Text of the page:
(tip: mix flowering annuals with your veg to encourage pollinating insects)
I spent endless hours reading books and magazines and became absorbed by the idea of potagers, ‘square foot gardening’ and raised beds. I wanted to create a garden that was both productive and joyous: vegetables, salads, shrubs, fruit, herbs – and flowers. There have to be flowers! The garden took over all my spare time. I learned how to sow seeds, transplant trees, take cuttings, adopted and adapted a 'no-dig' philosophy, encouraged beneficial wildlife to share our plot, revelled in seasonal exuberance and even came to love the fallow years.

Grandchildren enjoying themselves, flying kites in a local field (2002)
The children grew and left home, married and gave us beautiful grandchildren. It was they who now helped us whenever they visited; though dens were still the order of the day! There was still plenty of clearing and digging, time for running wild and helping to prepare the produce they had helped to grow.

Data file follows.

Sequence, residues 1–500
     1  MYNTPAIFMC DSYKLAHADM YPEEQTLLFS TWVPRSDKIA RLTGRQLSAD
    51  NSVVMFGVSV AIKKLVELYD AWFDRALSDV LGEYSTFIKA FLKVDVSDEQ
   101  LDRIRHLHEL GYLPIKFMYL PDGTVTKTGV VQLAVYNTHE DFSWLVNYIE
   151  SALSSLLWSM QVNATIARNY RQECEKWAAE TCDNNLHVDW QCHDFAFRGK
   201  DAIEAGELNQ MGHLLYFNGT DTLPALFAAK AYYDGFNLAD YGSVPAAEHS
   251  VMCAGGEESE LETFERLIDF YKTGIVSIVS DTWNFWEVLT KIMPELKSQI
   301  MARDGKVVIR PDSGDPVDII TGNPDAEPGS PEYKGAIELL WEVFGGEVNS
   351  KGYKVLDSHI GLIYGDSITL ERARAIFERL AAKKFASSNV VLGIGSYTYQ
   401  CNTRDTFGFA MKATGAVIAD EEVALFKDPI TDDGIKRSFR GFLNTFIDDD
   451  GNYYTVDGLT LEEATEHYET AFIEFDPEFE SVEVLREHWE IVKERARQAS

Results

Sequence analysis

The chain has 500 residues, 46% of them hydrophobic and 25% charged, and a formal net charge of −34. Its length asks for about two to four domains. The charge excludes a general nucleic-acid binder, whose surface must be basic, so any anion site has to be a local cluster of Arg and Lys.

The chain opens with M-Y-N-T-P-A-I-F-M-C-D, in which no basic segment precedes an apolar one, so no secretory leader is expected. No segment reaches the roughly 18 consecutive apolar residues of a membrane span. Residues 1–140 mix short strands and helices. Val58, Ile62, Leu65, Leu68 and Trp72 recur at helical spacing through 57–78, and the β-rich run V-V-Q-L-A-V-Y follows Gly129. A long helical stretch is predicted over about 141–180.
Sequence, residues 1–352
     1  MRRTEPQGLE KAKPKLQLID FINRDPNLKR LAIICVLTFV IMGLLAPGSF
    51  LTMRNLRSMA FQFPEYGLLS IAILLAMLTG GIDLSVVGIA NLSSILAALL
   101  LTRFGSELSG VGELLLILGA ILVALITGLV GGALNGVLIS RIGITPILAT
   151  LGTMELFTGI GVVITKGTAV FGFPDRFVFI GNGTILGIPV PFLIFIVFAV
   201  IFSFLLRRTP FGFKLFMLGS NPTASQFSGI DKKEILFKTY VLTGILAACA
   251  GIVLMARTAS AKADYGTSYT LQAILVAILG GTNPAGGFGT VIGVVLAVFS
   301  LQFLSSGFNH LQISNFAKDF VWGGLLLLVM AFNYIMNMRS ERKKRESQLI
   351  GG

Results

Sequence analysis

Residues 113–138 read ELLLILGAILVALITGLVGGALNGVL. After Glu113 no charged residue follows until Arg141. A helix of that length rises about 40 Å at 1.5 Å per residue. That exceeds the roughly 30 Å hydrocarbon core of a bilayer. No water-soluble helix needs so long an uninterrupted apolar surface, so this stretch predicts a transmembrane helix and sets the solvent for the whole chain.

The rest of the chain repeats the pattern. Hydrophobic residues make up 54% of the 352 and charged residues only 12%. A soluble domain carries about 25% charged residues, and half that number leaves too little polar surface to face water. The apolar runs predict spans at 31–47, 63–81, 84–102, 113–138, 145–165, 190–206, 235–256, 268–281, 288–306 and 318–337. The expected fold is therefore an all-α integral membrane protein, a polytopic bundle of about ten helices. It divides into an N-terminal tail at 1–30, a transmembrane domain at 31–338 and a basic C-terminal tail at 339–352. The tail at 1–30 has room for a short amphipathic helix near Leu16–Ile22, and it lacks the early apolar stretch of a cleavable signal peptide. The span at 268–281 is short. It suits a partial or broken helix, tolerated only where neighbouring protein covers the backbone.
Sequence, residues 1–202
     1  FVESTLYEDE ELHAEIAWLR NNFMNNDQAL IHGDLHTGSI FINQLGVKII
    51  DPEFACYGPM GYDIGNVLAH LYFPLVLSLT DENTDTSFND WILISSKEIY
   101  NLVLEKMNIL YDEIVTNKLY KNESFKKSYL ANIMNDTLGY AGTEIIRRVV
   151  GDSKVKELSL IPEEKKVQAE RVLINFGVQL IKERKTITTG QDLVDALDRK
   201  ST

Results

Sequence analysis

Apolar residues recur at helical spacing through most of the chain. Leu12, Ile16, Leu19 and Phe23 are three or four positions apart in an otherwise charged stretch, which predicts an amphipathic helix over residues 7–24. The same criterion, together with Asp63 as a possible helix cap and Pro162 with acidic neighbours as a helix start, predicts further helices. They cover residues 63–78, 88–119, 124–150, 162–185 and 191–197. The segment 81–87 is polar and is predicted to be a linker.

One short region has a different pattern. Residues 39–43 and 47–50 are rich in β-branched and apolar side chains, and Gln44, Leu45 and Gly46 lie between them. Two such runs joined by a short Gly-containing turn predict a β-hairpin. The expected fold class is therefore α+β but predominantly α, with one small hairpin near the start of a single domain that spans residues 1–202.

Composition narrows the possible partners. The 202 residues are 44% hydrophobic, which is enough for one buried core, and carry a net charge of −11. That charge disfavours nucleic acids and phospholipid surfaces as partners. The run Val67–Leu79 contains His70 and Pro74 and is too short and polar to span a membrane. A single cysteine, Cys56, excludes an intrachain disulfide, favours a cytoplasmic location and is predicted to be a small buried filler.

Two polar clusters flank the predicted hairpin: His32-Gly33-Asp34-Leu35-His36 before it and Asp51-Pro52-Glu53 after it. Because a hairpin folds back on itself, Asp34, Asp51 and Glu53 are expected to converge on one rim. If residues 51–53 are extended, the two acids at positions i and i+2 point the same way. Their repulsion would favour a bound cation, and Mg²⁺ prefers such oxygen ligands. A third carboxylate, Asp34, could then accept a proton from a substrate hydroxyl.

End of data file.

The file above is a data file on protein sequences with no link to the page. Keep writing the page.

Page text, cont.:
Digging space in our lower garden in 2004 for their own small raised beds
(tip: let children have their own space and choose what they will grow)
Later that summer, crops are flourishing and Kate weeds her beds
alongside mine (safety tip: cover canes with polythene cups to prevent injury)
Sharing a love of the here-and now, and what has gone before, has always motivated me, ever since my teaching days in the 1960s when I encouraged my  young pupils to open their eyes and look around them (hardly any TV then!), to identify plants, grow beans in pots, collect blackberries and record what they saw in paintings and hand-made notebooks.

A highly productive year when we thought Summer would never end